Book Review: “NOW I SEE…”

cover of book: "Now I SEE, How I Battled Blindness, Mental Illness, and Expresso Habit and Lived to Tell the Tale" by Mariagrazia Buttitta. Picture of Mariagrazia sitting holding long white cane. also headshot of Mariagrazia

I recently read the moving memoir NOW I SEE: How I Battled Blindness, Mental Illness, an Espresso Habit and Lived to Tell the Tale by peer advisor Mariagrazia Buttitta.  I encourage you to read the book and Mariagrazia’s personal story, which she has written as a new peer advisor for APH VisionAware.

The Beginning of the Memoir

Mariagrazia’s memoir begins with all the gripping intensity of the first act of a play—only it’s her life.

The setting is her room—dark, late at night, in a small two-bedroom apartment she shares with her parents in northern New Jersey. Mariagrazia’s emotions are heightened—or dulled, depending on how the reader interprets her pain. Her darkness mirrors the darkness around her. She is unable even to stand up, although she feels jittery from having drunk several shots of espresso. As her cell phone flashes, she retreats from it as it represents “the outside world,” with which she doesn’t feel worthy to interact. Thoughts of suicide loop through her mind. The reader doesn’t see what has brought the author to this point.

Little Maria

It’s not until Mariagrazia glimpses an old childhood journal belonging to “Little Maria” that she sees a glimmer of hope. Little Maria is introduced through her diary, almost as another character. The reader sees a cheery little three-year-old who loves parties, her family—especially her Mamma—sweets, and who’s a little bit naughty. The author latches onto the younger version of herself as if she alone can save her.

It’s easy to understand how Little Maria whispers life to her. The author’s story swings to Sicily, Italy, as she recalls her childhood and how, through her writing as a third and fourth grader, Little Maria silences the bullies and achieves whatever she wants at the stroke of her pen. Gradually, the reader becomes aware that Little Maria faces challenges at parties, school, and social events. She gets bumps and bruises and falls all the time. The reasons are stated subtly, but her parents see the repercussions as an ongoing worry.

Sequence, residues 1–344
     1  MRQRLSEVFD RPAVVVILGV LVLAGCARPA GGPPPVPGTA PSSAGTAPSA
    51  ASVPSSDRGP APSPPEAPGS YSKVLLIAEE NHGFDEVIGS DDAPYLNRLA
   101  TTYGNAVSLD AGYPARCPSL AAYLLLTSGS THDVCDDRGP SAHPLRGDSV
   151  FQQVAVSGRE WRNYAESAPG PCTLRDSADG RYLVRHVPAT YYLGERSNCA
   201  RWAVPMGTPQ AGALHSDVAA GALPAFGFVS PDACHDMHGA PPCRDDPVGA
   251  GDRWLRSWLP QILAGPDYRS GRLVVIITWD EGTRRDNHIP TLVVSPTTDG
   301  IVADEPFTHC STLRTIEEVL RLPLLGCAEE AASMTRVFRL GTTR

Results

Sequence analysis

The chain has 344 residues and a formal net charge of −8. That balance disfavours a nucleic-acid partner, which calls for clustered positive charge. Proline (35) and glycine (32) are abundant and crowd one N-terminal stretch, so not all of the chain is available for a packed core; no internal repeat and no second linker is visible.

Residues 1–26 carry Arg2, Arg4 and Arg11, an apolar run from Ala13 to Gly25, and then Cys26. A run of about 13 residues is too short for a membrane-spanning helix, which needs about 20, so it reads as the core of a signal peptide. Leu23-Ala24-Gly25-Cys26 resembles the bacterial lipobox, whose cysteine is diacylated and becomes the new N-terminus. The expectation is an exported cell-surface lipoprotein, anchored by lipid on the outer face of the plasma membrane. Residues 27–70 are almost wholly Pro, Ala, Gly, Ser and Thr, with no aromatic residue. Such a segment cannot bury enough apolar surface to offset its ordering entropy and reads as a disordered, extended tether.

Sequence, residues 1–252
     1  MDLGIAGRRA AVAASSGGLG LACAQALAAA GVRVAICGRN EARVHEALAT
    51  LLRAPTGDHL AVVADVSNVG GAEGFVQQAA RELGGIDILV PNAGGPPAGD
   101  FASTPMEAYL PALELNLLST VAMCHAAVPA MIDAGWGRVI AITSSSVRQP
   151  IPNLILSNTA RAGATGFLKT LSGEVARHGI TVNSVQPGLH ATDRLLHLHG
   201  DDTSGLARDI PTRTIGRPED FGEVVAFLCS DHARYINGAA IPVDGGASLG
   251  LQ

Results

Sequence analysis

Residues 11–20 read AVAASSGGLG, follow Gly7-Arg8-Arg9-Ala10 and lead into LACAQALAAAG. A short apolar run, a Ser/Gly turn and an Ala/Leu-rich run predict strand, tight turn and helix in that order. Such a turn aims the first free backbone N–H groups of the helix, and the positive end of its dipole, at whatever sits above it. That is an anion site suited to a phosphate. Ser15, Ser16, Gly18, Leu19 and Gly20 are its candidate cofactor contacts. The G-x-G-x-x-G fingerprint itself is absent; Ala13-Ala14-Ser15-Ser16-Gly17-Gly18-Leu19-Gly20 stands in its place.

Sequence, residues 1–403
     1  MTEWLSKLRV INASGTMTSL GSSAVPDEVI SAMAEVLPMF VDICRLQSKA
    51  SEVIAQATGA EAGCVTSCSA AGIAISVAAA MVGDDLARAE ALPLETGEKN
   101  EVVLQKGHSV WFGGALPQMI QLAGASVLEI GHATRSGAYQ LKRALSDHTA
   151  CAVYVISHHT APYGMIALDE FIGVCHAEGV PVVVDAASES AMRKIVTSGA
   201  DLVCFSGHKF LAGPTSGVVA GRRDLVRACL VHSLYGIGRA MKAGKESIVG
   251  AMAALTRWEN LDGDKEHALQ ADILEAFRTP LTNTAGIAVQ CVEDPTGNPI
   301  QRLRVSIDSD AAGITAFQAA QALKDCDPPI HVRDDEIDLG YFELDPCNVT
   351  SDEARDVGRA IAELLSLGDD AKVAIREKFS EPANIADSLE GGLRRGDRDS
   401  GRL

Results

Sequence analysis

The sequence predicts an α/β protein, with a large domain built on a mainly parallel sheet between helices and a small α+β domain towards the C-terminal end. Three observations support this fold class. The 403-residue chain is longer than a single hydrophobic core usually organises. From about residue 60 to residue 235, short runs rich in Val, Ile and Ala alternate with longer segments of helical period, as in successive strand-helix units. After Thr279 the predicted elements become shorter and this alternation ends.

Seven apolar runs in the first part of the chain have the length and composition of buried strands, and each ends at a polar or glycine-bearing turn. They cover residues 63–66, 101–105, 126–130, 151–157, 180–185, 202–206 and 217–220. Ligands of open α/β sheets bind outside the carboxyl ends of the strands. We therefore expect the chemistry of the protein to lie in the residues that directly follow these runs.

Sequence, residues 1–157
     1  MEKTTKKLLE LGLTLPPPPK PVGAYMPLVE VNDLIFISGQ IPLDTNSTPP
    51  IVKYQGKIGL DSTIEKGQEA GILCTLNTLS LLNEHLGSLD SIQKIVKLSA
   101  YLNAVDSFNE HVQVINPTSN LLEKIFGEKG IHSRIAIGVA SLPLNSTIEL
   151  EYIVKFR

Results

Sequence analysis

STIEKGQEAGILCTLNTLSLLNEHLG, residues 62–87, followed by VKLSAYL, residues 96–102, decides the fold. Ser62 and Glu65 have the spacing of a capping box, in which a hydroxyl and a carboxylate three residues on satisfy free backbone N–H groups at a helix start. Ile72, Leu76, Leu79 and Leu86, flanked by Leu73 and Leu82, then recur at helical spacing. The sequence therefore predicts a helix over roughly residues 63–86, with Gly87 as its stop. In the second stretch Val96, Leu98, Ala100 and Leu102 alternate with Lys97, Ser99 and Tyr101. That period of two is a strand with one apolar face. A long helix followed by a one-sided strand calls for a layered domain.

I loved the cultural aspect of this memoir—the food, holidays, the well-defined roles, her family and extended family, and even neighbors. And it especially demonstrated the relationship she had with her mother.

One stirring poem in Little Maria’s diary touched me: “Ode to Blue.” It captures the optimism of Little Maria. Her mamma told her blue was “like your gorgeous blue eyes,” so she knew the color blue had to be magical. The poem was simple but very joyful.

It emerges through the author’s storytelling technique that Little Maria has a sight problem, and the various specialists can’t find the cause. The stories go on, and readers see Mariagrazia’s struggles deepen as she faces bullies at school and teachers who haven’t a clue about her sight loss. They believe she is slow and treat her accordingly—with strong cultural bias.

The hope that Little Maria demonstrates is carried through at various ages. As a teen it comes out in stubbornness, her ironic thoughts, and her description of the three specialists who cannot agree on the cause of her problems. She names them “the three stooges.” This courage and humor lift the reader out of our sadness for her.

At a certain point, Mariagrazia is told she should be in a school for blind children, although that never happened. She decides she wants to study fashion design, a visual field. What came through was that the author knows what she wants and why and cannot be deterred. It represented a strength of purpose, character, determination, and hope.

She points out the cultural bias encountered in the blind community and how that hurts. She finds the courage to voice her anger, something difficult for the authorities in charge to deal with. 

Facing Sight Loss and Mental Illness

It becomes more apparent that the author faces both sight loss and mental illness, especially after emigrating to the US and having panic attacks in college. A friend takes her to a play, perhaps guessing at her psychological state, and opens her eyes to help.

Throughout the book, Mariagrazia demonstrates how the support of her family has provided the basis of her strength. Even in the dark hours, she desires to protect them from finding out how her mental and emotional state would hurt them.

The rest of the book chronicles her journey to safe mental health and adjustment to vision loss from cone dystrophy. I most enjoyed discovering the elements of the author’s character that demonstrated her individuality and stubborn nature, the flashes of her humor, and witnessing her resilience.

This memoir taps into Italy, culture, childhood, the effects of long-term bullying, sight loss, mental illness, family ties, bias, disabilities, and, more importantly, abilities, resilience, and hope. I highly recommend it.


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